CATHY McGowan is on the brink of a historic election triumph in the former safe Liberal seat of Indi after a game-changing discovery yesterday of more than 1000 votes in her favour.
In the latest twist, the Australian Electoral Commission uncovered the votes at the Wangaratta pre-poll station where the final votes in the battle between Ms McGowan and the sitting member since 2001, Sophie Mirabella, are being counted.
The independent candidate was lunching at Beechworth with her sisters, Rebecca, Trish and Helen, when she received a text from her scrutineering team with news of the unaccounted votes which could result in her breaking the Coalition strangle-hold on Indi.
Ms McGowan was under siege from postal votes favouring Mrs Mirabella, with her lead cut to less than 500 at one stage yesterday on a two-candidate preferred basis.
But when counting resumes this morning, Ms McGowan will hold a 1449-vote lead.
One analyst said last night Mrs Mirabella would need 70 per cent of the remaining postal and absentee votes to haul in Ms McGowan.
Red-faced AEC officials blamed human error for the votes mix-up.
“There were 1003 more votes for the Senate than there was House of Representatives papers,” spokesman Dan Doherty said.
“They were from the Wangaratta pre-poll voting centre and it was identified there was an anomaly with 1003 votes and they have been identified as first preferences for Cathy McGowan.”
A source said Liberal Party scrutineers were left stunned and angry.
Under counting protocols, voting slips are collated into bundles of 50 and would have been difficult to misplace.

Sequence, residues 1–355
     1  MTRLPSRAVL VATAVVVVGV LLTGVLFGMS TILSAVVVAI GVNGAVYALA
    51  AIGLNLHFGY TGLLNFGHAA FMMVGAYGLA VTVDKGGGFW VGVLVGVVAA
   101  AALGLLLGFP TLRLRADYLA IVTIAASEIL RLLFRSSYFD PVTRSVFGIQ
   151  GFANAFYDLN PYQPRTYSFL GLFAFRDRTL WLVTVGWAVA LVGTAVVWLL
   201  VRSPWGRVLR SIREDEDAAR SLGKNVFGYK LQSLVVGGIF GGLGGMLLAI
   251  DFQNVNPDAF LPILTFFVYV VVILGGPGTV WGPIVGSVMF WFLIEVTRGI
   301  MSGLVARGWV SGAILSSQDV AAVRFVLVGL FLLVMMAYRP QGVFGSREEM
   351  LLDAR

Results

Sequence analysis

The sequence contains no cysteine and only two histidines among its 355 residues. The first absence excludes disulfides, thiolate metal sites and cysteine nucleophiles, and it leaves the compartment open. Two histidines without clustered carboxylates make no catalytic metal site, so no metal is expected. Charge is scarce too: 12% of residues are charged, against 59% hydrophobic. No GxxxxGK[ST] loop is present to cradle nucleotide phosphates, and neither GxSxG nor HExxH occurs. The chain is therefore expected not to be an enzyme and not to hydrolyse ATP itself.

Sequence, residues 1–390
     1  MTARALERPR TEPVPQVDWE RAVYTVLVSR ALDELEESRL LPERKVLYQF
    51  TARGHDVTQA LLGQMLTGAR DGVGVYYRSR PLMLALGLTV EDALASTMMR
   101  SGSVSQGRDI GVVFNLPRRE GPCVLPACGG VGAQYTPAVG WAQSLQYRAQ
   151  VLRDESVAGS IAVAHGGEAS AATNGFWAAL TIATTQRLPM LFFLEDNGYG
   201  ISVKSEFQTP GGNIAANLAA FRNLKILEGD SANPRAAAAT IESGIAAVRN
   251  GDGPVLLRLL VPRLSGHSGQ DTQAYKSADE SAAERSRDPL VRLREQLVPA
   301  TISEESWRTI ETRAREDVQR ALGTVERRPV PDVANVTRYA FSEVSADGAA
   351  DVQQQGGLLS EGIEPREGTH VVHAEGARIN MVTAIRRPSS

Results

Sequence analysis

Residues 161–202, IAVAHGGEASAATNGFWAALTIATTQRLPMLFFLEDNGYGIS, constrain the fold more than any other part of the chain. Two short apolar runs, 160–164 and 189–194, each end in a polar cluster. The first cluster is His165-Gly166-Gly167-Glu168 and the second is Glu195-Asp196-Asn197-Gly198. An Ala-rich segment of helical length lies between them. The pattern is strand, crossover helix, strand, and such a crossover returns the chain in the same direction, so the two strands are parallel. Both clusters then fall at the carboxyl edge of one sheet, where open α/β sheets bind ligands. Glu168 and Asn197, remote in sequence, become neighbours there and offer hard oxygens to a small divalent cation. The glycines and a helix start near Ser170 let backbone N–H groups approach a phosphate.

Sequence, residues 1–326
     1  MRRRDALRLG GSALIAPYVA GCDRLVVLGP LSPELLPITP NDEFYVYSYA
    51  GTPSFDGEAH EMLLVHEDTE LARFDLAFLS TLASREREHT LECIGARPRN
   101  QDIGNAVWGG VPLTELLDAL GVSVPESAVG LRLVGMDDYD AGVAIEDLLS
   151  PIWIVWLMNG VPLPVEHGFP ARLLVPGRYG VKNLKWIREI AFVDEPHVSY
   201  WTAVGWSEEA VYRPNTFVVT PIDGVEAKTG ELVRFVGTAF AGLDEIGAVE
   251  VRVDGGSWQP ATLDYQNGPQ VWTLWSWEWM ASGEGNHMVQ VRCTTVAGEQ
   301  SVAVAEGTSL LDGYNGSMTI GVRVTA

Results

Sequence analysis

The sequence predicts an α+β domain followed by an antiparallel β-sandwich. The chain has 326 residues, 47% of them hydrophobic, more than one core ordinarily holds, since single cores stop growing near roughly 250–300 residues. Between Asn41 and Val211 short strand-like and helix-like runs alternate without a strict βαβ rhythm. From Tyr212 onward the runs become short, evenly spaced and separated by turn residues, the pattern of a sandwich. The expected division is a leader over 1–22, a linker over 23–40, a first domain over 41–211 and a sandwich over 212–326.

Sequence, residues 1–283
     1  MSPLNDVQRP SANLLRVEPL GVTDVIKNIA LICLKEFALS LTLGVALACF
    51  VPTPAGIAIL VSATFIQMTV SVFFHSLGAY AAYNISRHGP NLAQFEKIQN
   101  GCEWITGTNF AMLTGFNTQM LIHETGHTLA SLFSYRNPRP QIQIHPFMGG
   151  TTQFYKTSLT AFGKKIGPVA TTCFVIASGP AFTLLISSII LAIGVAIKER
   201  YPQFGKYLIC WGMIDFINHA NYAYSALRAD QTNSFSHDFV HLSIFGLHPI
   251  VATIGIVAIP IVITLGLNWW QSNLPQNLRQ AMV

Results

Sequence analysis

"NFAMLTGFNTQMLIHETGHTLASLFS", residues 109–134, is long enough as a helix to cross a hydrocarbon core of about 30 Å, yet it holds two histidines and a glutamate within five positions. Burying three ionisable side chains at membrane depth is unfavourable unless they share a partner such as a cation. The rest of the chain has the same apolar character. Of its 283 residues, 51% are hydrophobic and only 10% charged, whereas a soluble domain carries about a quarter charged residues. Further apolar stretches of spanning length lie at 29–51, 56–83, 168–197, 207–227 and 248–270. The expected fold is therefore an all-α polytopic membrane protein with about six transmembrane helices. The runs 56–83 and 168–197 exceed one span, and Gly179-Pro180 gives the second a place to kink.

Mrs Mirabella maintained a brave face after the shock discovery, which threatens to end her parliamentary career and a prized position in Tony Abbott’s cabinet.
“I am sure the AEC is doing their best and beyond that I have got no real comment,” she said.
“The count is going on for days and there is nothing more to do than wait.
“There are still over 10,000 votes to be counted and there is not much to say until they are counted.
“I campaigned and don’t plan for particular scenarios because you do what you do and get on with it.”
Asked if she had contemplated the worst case scenario of election defeat, Mrs Mirabella said: “I am not contemplating anything other than the count.”
Ms McGowan said her hopes had risen again after postal votes had started to favour her opponent.
“I am feeling a little more confident, but I am still realistic about it,” she said.
“It has been a case of swings and roundabouts and I am hanging on with hope.
“If they can find 1000 here, they might be able to find another 1000 there for somebody else.
“You wouldn’t want it to be the other way, would you? It would be shocking.
“But I am more optimistic and it is a lovely buffer.”